According to the American Farriers Association, only 10% of domestic horses are absolutely sound. Natural hoof care pioneers were farriers or veterinarians that noticed this trend and looked for answers in the wild. As an unsound wild horse is condemned, they figured that the ones they would see would provide a model for soundness.
Wild/feral horses and domestic horses are genetically and physiologically the same. Even though some equine professionals claim that ‘’we’ve bred the feet out of our horses’’, there is no scientific backup for that affirmation. Genetics takes thousands of years to evolve and diverge within a species; there has simply not been enough time for that to happen. Both domestic and wild horses are equus caballus.
However, we cannot ignore the differences between wild and domestic horses, in particular when considering their feet. Since they are from the same species – inherently identical – we can conclude that these differences come from factors external to their physiology: their way of life is at issue.
First of all, horses are gregarious animal. Wild horses live in herds, which corresponds to their nature, while most domestic horses are kept alone or with only one or two other horses. We can assume that their social and psychological needs are not met, thus creating chronic stress and the resulting inflammatory responses.
Wild horses travel up to 20-25 miles a day in search of food and water. Their lifestyle has been observed and given the health of their bodies, hooves and gaits, we can infer that it is optimal for them. Domestic horses, on the other hand, are mainly sedentary; they do not need to search for food, nor select forage. The motility and flora of their digestive system is greatly impacted, creating life-threatening problems such as colic.
Due to the lack of stimulation, the locomotory system never fully develops and the feet do not provide sufficient protection. The lack of exercise combined with non-diversified, overly rich feeds lead to obesity and the resulting skin and limbs inflammatory issues such as laminitis. These issues could be compared to human diabetes and are far more likely to be life-threatening when the feet are already weak from poor growth and callousing.
Finally, during their daily travel, wild horses go through a diversity of terrains, which vary in slope, moisture content, evenness, hardness, etc. Being highly adaptable, the horse conforms to its environment: wild horses are comfortable on almost any footing as their feet and joints are strong and flexible. The feet and joints of the domestic horses are neither as they mainly live and work on soft, flat, dry and even footing. The risk of injury and unsoundness is much higher for them.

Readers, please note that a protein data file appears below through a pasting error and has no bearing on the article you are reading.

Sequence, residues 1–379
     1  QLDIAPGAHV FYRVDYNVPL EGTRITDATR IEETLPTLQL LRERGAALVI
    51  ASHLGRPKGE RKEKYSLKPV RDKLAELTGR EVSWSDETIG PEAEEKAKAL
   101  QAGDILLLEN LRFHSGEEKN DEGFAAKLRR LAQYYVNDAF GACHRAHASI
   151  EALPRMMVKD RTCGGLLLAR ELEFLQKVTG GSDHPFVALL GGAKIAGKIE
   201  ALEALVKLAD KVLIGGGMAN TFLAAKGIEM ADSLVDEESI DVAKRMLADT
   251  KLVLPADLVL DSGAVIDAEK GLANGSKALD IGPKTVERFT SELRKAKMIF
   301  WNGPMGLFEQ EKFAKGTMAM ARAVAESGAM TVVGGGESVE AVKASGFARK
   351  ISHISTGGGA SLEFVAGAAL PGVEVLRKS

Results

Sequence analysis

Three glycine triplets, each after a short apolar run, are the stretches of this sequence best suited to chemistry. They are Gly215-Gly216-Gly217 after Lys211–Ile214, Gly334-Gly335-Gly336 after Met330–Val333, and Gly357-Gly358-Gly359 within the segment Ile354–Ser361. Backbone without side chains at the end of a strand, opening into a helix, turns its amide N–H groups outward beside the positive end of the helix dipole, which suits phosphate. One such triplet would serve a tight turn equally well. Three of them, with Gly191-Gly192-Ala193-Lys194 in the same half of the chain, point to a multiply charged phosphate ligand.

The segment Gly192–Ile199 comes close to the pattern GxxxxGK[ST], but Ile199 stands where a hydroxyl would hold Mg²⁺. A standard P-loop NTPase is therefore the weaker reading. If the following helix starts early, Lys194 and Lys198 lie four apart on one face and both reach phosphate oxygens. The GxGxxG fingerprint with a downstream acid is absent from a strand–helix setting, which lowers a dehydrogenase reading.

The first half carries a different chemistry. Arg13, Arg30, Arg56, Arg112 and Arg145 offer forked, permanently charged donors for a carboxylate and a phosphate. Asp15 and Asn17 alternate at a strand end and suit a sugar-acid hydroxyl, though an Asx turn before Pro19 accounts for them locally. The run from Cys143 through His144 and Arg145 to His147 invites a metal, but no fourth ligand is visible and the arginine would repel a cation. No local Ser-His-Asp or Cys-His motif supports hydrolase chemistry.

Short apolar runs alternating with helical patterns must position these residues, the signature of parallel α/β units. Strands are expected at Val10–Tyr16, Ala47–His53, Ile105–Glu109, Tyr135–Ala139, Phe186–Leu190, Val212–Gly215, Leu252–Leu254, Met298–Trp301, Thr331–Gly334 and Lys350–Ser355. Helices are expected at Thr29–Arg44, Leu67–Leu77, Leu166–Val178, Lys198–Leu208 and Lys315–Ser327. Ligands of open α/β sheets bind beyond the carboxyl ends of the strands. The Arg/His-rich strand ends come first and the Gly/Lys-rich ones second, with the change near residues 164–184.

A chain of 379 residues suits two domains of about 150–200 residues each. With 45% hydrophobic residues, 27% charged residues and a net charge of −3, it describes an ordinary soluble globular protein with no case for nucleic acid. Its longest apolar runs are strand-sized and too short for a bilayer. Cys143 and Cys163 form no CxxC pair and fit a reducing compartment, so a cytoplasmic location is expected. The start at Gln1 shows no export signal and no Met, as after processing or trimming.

Visit http://www.hoofrehab.com/Article/Wildhorses/Sub%20page/WildHorsePictures.htm and http://www.tribeequus.com/ to see how much variety there can be between wild horses’ hooves. I think that there are a few similarities between the wild hooves presented there. Most of them seem to have very short walls, which don’t protrude much from the sole. They also tend to have low and relaxed heels. I didn’t notice any flaring.
Aside from the horses are the BLM holding facility, all the hooves were clean – as opposed to soiled by manure. These horses also seemed to have higher, more contracted heels. The feral horses of the Barrier islands had rather long toes, but it seems to help them when traveling in the dunes so it appears to be an adaptation to their environment. Their feet were also chipped, which is the way they seem to self-trim. It was quite obvious that the Dartmoor ponies live in a wet environment given the deep frog sulci and the swollen waterline. Their feet resemble those of the Camargue horses – although the Camargue horses have very large feet.
The mountain prairie feral horses have shorter toes. The specimens collected by Jaime Jackson have the shortest toes of all. The sagittal sections show well-developed digital cushions, strong digital flexors tendons and very thick walls compared to our domestic horses. I don’t think that we can compare donkeys’ to horses’ feet because they are structurally different, but the burros of the Mojave desert also has short walls, low heels, thick and leathery frogs and short toes.
These are just a few examples to show you how adaptive horse’s feet can be. They all look different, but are all healthy and functional. This is the most important thing: that the horse is sound and functional in his environment. Trimming a hoof to make it look like some ideal feral model does not make sense. We use data from wild horses to learn – because they are the soundest of all horses – but under no circumstances should we force a domestic horse to look like them.